|Peter Miller Cunningham
described this area in
Two Years in New South Wales. (1827).............
Mr. Ogilvie possesses here six thousand
acres, consisting of alluvial flats and lightly-timbered
forest land backwards, bounded by a moderately high
ridge. A plain of fifty acres of rich land (without a
tree upon it) is situated in the middle of the grant,
overlooked by a beautiful swelling hill, equally clear,
of the finest sort of garden mould, and covered with
luxuriant grasses. The Goulburn enters Hunter's river
opposite to the bottom of Mr. Ogilvie's grant, the
plains on each side being hemmed in by woody ridges of
moderate elevation, toward which the back land gradually
rises. Contrary to what is generally found in other
parts of the country, the ridges upon the upper part of
Hunter's river are almost uniformly flattened at the
top, forming little miniature hills and valleys covered
with fine soil of moderate depth, and abounding in
grass, which makes them the great resort of the
kangaroos and cattle in the winter season. Behind the
ridge bounding Mr.
Ogilvie's farm, at four miles distance, is
Mr. George Blaxland's residence, where several flocks of fine
woolled sheep and a large herd of cattle are kept.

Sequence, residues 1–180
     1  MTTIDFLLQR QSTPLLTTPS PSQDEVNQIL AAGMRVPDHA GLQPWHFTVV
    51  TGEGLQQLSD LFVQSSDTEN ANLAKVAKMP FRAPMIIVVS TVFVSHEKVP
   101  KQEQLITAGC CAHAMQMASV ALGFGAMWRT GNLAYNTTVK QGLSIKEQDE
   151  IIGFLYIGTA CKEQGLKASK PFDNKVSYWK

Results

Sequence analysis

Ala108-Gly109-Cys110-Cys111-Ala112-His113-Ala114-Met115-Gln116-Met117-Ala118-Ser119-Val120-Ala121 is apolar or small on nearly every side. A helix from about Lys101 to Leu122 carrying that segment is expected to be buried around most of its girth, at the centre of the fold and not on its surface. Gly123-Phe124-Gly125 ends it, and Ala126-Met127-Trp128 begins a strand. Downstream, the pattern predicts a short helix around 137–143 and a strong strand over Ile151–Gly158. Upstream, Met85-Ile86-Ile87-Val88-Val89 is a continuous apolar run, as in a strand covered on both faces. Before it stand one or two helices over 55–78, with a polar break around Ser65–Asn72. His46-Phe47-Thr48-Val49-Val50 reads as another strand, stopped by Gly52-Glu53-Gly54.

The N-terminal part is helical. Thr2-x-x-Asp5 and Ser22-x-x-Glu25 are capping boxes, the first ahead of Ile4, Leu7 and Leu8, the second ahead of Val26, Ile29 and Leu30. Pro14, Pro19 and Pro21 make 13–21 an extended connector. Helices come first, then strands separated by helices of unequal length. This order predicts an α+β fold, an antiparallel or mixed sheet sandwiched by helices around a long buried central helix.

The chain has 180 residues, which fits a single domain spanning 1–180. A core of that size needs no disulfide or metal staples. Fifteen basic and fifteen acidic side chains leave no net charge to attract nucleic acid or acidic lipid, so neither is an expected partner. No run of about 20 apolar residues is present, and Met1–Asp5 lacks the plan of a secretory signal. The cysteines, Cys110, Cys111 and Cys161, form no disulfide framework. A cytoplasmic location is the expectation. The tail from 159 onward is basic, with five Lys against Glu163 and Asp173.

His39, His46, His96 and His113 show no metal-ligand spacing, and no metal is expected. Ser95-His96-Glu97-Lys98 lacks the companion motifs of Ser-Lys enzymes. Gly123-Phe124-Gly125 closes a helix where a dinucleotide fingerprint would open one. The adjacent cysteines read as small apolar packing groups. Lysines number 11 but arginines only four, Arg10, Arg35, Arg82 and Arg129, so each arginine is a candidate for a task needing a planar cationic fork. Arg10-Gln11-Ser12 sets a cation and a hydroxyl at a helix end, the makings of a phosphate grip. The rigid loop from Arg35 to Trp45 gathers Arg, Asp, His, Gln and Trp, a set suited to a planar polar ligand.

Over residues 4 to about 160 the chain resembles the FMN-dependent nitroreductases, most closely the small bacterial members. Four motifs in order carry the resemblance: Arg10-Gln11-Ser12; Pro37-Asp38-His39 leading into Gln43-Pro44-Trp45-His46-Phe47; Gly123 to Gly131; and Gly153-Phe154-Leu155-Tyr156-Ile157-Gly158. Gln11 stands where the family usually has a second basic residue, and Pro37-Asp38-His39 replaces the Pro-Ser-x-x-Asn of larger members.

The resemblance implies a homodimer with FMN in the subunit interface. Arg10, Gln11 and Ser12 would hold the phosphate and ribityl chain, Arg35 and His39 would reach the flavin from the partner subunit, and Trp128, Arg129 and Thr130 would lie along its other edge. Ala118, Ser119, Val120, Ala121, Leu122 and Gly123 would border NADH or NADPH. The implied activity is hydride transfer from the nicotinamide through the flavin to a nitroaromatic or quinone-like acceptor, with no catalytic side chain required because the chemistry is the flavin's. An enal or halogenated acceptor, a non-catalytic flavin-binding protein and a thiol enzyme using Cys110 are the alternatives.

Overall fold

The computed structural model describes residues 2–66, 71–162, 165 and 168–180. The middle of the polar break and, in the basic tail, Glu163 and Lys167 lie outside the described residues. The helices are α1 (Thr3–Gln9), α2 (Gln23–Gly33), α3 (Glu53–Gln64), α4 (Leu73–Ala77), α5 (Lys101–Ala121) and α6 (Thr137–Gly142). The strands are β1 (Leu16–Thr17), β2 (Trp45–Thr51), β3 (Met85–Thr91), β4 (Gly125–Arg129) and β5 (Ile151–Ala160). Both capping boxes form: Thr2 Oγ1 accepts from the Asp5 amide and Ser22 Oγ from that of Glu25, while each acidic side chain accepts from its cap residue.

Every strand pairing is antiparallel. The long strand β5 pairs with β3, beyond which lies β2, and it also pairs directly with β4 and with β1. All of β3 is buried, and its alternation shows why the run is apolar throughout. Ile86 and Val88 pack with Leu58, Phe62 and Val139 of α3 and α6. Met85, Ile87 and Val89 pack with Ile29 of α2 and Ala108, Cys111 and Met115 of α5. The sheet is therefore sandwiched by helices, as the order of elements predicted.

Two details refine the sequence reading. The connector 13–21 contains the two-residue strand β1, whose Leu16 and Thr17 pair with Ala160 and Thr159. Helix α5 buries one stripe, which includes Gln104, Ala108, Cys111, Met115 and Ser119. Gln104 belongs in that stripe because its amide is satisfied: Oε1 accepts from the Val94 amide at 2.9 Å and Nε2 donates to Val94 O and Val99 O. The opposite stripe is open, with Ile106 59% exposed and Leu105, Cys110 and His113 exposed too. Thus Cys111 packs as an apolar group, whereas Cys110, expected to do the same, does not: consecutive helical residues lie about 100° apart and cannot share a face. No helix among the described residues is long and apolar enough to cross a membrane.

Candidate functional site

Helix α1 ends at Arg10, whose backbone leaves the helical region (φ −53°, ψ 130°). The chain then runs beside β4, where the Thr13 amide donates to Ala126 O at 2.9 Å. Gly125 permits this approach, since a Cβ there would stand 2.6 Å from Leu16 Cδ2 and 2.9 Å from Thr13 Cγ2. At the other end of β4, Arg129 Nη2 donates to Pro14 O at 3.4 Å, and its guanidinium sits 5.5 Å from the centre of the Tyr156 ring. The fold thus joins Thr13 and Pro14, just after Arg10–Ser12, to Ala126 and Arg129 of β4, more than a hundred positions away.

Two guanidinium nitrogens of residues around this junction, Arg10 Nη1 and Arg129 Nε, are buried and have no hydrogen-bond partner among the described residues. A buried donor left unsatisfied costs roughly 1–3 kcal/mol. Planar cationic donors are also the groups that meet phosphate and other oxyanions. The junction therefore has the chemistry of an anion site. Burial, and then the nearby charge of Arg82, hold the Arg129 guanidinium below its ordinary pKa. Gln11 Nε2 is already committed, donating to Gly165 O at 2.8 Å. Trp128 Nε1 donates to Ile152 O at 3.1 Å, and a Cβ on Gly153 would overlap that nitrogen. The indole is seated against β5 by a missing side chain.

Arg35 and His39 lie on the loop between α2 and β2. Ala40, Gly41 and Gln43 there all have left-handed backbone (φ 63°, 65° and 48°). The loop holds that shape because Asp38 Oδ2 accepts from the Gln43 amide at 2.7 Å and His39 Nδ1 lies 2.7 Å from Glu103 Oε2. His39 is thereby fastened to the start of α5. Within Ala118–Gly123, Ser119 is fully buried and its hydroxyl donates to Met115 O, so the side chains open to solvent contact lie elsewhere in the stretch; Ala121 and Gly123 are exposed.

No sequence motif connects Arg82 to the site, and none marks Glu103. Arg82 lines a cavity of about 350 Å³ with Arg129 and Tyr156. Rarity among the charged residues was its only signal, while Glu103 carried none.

brought out to his residence here, a good assortment of
Saxon and Spanish Merinos, which promise to be a great
benefit to the flocks on this river, besides the
advantages he will individually derive from them. Twenty
four miles above this, at Holdsworthy Downs, Lieut.
Gibbs, Mr. Carlisle R.N.
and the Messrs Little
are settled, with Mr.
McIntyre agent for Potter
Macqueen M.P. Farther on again, several young
Scotchmen have taken grants upon some fine clear downs
along the banks of a branch of the Goulburn. All these
gentlemen possess sheep, and indeed there is no settler
of any note upon this extensive river, who is not
turning his attention to the production of fine wool.
The name of Jerry's Plains was
explained by a correspondent to the Singleton Argus
The Jerry's Plains district, or
electoral division, was discovered by
John Howe and
party about the time Singleton, or Patrick's Plains, was
lit upon by that little band of intrepid explorers.
Indeed, it was by John Howe that the name "Jerry's
Plains" was given to the locality. It appears that a
servant, whose Christian name was abbreviated to the
sobriquet of "Jerry," who accompanied Mr Howe's party,
was lighting a camp fire on the plains, where the party
had just arrived, and the weather and wood being damp,
poor Jerry had recourse to the aid of powder, and
through heedlessness in the use of it, effected an
explosion, from which he was the sufferer ; and in order
to give Jerry some solace to assuage for the price of
his mishap, the plains where he distinguished himself
were called after him.
-Singleton Argus 30